NORTH Melbourne's Nick Dal Santo has edged out Melbourne pair Bernie Vince and Dom Tyson as the most valuable recruit of 2014, according to statistical software program Aphex.

Aphex, used by a handful of AFL clubs in their list management and recruiting departments, ranks every player in the competition based on their projected WAR (Wins Against Replacements).

That comes from a formula devised by Australian-based baseball scouts Jon Deeble and Brett Ward.  

The tool uses competition-wide data to find the on-ground value of every player in the League, and ranks them on how many wins per season they bring to their team.

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Aphex ranked nine high-profile recruits; Paul Chapman, Stewart Crameri, Dal Santo, Lance Franklin, Shane Mumford, Jared Polec, Heath Shaw, Tyson and Vince to see who measured the best.

Each club with the program uses its own weightings to determine the value of a player, but these are Aphex's own weightings and they found Dal Santo to bring in the most wins for his new side.

The 30-year-old, who crossed clubs as a restricted free agent last season, had actually lifted his WAR from 2013, when he had a consistent season with the Saints.

"Dal Santo has been very consistent with his WAR over the past five years and is continuing to put up some good numbers. I think North Melbourne would be very happy with their recruiting of players this past off-season," Ward told

Vince, on the back of his 41-disposal and three-goal game against the Kangaroos, was ranked second, ahead of his teammate Tyson, who had significantly increased his WAR in his first full season at AFL level.

While Aphex keeps projected WARs confidential, the player's value is adjusted after every game he plays and on a year-by-year basis, with the higher the WAR the better.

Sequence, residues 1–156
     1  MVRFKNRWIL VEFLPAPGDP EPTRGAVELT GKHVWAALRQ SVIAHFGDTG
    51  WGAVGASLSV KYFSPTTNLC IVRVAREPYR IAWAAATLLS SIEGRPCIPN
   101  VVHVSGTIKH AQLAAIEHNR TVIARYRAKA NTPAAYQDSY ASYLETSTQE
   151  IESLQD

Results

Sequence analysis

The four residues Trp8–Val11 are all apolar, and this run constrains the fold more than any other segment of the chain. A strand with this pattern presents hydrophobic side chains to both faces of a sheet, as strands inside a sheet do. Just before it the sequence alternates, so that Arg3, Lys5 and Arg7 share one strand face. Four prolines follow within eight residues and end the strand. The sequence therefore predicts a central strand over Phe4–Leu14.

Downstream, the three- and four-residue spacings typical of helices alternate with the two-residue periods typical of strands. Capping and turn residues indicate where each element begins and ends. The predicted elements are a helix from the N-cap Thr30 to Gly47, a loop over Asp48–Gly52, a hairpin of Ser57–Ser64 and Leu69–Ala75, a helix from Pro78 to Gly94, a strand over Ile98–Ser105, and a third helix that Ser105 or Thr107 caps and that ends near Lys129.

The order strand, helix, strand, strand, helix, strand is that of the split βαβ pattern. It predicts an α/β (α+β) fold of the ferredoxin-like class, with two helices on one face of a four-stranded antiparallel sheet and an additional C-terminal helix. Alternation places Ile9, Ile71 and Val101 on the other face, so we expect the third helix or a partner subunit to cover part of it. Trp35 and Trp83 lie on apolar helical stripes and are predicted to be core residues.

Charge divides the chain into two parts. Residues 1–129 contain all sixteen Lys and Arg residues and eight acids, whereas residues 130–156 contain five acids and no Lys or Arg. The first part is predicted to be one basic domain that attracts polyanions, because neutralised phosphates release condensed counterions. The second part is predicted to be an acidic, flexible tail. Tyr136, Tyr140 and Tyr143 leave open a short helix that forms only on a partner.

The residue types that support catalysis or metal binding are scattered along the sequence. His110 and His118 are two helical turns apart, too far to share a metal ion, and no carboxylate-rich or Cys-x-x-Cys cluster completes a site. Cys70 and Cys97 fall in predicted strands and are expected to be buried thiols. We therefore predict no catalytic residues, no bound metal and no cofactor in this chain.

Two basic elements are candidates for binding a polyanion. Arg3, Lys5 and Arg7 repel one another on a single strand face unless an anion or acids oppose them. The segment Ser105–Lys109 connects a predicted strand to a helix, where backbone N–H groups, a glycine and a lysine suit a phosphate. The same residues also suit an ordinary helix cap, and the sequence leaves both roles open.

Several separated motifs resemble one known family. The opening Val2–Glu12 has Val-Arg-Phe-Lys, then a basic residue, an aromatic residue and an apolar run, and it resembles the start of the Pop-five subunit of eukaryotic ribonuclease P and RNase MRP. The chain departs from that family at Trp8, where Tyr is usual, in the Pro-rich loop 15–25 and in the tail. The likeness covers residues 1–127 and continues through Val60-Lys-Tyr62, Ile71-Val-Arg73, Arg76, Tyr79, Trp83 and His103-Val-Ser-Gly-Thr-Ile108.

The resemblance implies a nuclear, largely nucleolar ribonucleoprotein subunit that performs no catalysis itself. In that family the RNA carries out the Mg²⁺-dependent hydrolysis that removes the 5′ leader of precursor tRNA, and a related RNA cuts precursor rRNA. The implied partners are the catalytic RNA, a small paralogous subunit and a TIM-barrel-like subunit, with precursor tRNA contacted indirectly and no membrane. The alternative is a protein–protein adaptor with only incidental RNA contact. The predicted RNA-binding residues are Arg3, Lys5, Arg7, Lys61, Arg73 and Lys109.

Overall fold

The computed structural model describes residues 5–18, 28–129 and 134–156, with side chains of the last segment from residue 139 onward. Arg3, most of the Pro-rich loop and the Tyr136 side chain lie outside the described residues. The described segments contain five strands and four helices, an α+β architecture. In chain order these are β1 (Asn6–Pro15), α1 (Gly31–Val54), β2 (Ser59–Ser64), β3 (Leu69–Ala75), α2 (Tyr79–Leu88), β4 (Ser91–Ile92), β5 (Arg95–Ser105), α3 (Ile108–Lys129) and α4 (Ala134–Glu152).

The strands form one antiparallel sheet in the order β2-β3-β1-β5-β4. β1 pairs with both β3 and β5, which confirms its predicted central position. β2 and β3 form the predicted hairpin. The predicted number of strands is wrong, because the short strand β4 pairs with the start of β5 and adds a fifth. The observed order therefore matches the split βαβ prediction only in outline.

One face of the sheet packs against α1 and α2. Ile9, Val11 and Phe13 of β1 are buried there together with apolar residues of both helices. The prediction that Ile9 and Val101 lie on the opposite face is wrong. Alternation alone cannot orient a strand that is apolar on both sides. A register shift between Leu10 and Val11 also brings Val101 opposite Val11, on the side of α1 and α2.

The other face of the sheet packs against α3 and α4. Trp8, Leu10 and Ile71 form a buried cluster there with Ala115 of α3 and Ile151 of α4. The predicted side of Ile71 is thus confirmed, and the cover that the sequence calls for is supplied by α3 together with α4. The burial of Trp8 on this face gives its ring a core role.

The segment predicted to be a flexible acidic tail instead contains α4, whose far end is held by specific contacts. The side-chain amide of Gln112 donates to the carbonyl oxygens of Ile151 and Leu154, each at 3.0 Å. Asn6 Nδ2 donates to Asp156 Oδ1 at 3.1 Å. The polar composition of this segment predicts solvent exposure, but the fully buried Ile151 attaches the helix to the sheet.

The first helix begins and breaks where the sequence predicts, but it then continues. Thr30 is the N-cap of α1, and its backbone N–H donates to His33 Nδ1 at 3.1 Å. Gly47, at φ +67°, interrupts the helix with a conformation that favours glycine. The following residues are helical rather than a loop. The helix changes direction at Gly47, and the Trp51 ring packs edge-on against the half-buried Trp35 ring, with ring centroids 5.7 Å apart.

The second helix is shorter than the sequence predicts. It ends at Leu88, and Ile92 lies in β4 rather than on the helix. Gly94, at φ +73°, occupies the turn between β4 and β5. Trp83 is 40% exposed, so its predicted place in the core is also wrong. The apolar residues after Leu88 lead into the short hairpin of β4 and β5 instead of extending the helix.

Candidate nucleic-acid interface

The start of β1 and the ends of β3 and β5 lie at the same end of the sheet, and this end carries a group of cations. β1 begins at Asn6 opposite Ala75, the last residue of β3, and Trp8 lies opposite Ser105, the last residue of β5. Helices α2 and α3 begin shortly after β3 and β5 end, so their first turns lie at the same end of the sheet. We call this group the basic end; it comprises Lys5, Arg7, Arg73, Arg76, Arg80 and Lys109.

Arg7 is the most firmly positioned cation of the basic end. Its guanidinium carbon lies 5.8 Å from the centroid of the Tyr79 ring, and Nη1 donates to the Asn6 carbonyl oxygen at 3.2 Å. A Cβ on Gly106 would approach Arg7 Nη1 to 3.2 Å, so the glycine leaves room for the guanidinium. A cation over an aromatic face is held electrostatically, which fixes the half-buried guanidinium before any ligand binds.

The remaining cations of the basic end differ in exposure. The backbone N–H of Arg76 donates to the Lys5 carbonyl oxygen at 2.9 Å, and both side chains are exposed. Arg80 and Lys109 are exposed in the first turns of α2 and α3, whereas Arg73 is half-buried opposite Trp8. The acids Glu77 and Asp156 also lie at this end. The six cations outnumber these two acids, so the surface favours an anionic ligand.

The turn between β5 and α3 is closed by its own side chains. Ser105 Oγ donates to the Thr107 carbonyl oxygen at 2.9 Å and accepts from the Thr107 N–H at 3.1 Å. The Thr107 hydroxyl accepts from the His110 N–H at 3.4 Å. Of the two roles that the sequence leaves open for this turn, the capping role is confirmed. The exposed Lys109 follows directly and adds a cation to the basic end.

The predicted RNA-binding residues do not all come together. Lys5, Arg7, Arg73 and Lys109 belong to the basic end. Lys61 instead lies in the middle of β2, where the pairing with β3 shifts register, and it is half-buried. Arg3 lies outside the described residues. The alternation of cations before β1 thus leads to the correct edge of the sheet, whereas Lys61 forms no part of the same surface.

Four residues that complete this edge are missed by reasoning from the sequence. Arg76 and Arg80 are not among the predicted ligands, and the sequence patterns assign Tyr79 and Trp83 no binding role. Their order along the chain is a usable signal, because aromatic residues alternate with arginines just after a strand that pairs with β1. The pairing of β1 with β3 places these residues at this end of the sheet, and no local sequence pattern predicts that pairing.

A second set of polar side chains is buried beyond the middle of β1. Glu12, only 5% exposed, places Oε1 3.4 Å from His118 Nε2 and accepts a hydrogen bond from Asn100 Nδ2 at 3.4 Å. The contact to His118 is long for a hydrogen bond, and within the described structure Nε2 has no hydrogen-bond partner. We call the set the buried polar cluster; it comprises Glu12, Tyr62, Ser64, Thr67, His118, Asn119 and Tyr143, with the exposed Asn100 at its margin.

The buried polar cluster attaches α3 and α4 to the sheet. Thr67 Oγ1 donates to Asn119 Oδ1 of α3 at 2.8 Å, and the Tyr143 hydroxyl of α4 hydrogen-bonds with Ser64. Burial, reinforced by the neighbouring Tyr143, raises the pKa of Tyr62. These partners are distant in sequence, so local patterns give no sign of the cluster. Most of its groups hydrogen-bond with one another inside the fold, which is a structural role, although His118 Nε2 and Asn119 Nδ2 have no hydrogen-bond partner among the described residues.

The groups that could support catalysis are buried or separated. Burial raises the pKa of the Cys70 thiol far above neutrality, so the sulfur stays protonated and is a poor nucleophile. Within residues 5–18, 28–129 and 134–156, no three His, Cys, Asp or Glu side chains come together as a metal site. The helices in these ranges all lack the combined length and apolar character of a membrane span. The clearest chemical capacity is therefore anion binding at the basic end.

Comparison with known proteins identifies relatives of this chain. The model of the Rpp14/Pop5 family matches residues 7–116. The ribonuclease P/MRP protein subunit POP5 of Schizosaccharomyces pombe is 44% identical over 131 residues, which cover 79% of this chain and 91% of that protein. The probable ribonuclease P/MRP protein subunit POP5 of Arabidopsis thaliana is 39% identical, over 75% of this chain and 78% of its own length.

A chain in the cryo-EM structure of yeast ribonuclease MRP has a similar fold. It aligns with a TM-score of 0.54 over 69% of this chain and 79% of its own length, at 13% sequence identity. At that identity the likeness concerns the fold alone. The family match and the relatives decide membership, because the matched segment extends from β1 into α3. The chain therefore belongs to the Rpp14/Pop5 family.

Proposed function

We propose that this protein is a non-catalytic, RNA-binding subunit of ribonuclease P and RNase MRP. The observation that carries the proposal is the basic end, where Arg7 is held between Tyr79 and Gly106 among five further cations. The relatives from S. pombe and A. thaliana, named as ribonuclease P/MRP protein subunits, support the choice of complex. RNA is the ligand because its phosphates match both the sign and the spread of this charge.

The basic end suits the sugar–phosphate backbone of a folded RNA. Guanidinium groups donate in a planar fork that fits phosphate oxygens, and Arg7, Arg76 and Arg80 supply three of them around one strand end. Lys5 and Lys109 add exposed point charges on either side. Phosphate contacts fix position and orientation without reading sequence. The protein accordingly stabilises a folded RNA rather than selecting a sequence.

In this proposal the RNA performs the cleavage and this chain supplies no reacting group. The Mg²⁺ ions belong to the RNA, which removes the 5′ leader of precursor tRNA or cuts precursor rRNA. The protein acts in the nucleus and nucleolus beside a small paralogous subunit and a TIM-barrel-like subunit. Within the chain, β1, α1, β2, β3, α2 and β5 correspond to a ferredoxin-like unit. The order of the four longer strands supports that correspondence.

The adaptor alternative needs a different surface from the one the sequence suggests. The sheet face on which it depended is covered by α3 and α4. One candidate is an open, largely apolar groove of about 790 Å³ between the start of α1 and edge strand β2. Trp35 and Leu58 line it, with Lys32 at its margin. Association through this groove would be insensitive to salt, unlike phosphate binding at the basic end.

It has also developed the capacity to break down the WAR into big games or finals, so good performances in higher-stake games are reflected.

Sydney Swans star Lance Franklin placed fourth of the group, but the statistical program suggests he is on track to have one of his best seasons if he keeps going at the pace and points average he has set in the first half of the year. 

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Ward noted Franklin's off-field presence was not included in his WAR, but clearly part of his appeal for the Swans.  

"People keep asking if Franklin is worth what Sydney are reportedly paying him, but you can't judge it on the on-field figures alone. How much extra does his presence bring in advertising? How many more people go to the Swans' games just to watch him?" Ward said.

"The roar of the crowd when he gets the ball certainly suggests they are all very supportive, and with the extraordinary things he does each week why wouldn't you want to go and watch him?

"Plus, if Sydney win the flag this year and if Franklin's presence is a big part of that, what is that worth in extra game receipts, future memberships, merchandise and future sponsors?"

Jared Polec was fifth having joined Port Adelaide after quitting the Brisbane Lions, with Shaw sixth and Chapman seventh, despite playing only 10 games.

Crameri, who the Dogs lured on a four-year contract, was eighth, with Mumford's place at the bottom of the batch affected by only playing eight games – the lowest tally of the group. As the WAR is solely based on what a player does on the field, his figure was weakened.    

But, evidenced by the Giants' better efforts when he is fit, Mumford's monetary value per game – another thing measured by Aphex – is higher than others on the list.

Twitter: @AFL_CalTwomey